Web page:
Real-world natural language processing (NLP) models need to be continually updated to fix the prediction errors in out-of-distribution (OOD) data streams while overcoming catastrophic forgetting. However, existing continual learning (CL) problem setups cannot cover such a realistic and complex scenario. In response to this, we propose a new CL problem formulation dubbed continual model refinement (CMR). Compared to prior CL settings, CMR is more practical and introduces unique challenges (boundary-agnostic and non-stationary distribution shift, diverse mixtures of multiple OOD data clusters, error-centric streams, etc.). We extend several existing CL approaches to the CMR setting and evaluate them extensively. For benchmarking and analysis, we propose a general sampling algorithm to obtain dynamic OOD data streams with controllable non-stationarity, as well as a suite of metrics measuring various aspects of online performance. Our experiments and detailed analysis reveal the promise and challenges of the CMR problem, supporting that studying CMR in dynamic OOD streams can benefit the longevity of deployed NLP models in production.
Keyphrase extraction is a fundamental task in Natural Language Processing, which usually contains two main parts: candidate keyphrase extraction and keyphrase importance estimation. From the view of human understanding documents, we typically measure the importance of phrase according to its syntactic accuracy, information saliency, and concept consistency simultaneously. However, most existing keyphrase extraction approaches only focus on the part of them, which leads to biased results. In this paper, we propose a new approach to estimate the importance of keyphrase from multiple perspectives (called as KIEMP) and further improve the performance of keyphrase extraction. Specifically, KIEMP estimates the importance of phrase with three modules: a chunking module to measure its syntactic accuracy, a ranking module to check its information saliency, and a matching module to judge the concept (i.e., topic) consistency between phrase and the whole document. These three modules are seamlessly jointed together via an end-to-end multi-task learning model, which is helpful for three parts to enhance each other and balance the effects of three perspectives. Experimental results on six benchmark datasets show that KIEMP outperforms the existing state-of-the-art keyphrase extraction approaches in most cases.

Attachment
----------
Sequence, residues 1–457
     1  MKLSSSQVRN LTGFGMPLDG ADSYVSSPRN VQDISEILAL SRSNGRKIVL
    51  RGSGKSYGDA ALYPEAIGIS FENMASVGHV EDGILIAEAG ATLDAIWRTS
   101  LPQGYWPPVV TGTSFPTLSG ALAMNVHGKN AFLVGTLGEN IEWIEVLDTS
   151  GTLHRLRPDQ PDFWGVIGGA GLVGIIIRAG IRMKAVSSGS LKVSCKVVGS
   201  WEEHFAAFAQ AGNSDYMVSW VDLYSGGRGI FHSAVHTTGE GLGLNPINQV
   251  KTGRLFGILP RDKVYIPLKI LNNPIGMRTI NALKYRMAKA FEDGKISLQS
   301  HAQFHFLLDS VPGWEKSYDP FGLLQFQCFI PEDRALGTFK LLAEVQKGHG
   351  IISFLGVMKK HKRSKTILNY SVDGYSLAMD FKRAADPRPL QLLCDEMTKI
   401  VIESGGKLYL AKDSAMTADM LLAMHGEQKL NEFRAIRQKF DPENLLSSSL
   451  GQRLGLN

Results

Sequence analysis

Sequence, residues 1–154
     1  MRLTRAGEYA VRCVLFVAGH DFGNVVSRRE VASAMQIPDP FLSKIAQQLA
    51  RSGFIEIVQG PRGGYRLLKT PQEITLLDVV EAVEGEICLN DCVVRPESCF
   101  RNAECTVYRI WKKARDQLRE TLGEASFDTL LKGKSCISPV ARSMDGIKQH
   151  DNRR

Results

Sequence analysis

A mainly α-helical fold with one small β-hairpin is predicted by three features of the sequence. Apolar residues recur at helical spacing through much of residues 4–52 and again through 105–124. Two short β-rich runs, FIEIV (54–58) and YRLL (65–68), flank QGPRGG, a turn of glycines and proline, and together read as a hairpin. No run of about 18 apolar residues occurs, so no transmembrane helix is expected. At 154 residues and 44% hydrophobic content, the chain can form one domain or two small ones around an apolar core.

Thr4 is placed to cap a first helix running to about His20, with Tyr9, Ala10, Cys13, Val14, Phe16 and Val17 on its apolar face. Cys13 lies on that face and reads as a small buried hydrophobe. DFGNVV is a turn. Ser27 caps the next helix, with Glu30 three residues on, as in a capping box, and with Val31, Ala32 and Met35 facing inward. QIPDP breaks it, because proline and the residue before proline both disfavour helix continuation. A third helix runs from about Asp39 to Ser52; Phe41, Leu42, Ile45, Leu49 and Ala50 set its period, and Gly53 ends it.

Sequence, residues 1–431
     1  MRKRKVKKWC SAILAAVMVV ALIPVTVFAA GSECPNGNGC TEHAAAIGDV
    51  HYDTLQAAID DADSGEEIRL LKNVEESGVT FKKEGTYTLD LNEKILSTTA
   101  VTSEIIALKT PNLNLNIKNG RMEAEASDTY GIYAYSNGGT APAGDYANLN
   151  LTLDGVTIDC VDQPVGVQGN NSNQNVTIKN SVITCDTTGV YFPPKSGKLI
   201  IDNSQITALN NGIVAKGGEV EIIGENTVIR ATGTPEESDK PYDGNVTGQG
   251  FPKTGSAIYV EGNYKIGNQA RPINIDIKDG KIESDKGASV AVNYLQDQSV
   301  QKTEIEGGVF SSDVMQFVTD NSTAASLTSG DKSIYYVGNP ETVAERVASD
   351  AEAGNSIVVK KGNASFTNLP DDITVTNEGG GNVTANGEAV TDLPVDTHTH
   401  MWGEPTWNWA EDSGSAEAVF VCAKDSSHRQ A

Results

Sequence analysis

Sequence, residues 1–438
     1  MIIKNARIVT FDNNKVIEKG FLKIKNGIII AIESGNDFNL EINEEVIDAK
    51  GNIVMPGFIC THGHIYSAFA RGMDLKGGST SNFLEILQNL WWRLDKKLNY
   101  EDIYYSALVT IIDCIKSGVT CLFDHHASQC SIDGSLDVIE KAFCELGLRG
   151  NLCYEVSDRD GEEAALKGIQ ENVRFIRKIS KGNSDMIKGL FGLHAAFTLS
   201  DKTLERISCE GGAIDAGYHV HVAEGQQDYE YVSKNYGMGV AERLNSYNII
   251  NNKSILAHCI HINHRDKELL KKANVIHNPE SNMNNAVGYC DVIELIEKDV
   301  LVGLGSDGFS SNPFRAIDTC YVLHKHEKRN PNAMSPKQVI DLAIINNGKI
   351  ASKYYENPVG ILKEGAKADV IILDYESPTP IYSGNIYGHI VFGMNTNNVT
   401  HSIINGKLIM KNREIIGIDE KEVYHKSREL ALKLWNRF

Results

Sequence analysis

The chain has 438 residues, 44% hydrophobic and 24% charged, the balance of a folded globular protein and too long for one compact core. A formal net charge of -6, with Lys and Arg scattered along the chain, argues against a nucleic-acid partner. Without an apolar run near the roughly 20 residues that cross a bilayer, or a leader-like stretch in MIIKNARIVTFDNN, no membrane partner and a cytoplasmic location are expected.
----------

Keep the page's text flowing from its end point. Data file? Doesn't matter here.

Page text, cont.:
Although deep neural networks are effective at extracting high-level features, classification methods usually encode an input into a vector representation via simple feature aggregation operations (e.g. pooling). Such operations limit the performance. For instance, a multi-label document may contain several concepts. In this case, one vector can not sufficiently capture its salient and discriminative content. Thus, we propose Hyperbolic Capsule Networks (HyperCaps) for Multi-Label Classification (MLC), which have two merits. First, hyperbolic capsules are designed to capture fine-grained document information for each label, which has the ability to characterize complicated structures among labels and documents. Second, Hyperbolic Dynamic Routing (HDR) is introduced to aggregate hyperbolic capsules in a label-aware manner, so that the label-level discriminative information can be preserved along the depth of neural networks. To efficiently handle large-scale MLC datasets, we additionally present a new routing method to adaptively adjust the capsule number during routing. Extensive experiments are conducted on four benchmark datasets. Compared with the state-of-the-art methods, HyperCaps significantly improves the performance of MLC especially on tail labels.
Multi-label text classification (MLTC) aims to tag most relevant labels for the given document. In this paper, we propose a Label-Specific Attention Network (LSAN) to learn a label-specific document representation. LSAN takes advantage of label semantic information to determine the semantic connection between labels and document for constructing label-specific document representation. Meanwhile, the self-attention mechanism is adopted to identify the label-specific document representation from document content information. In order to seamlessly integrate the above two parts, an adaptive fusion strategy is proposed, which can effectively output the comprehensive label-specific document representation to build multi-label text classifier. Extensive experimental results demonstrate that LSAN consistently outperforms the state-of-the-art methods on four different datasets, especially on the prediction of low-frequency labels. The code and hyper-parameter settings are released to facilitate other researchers.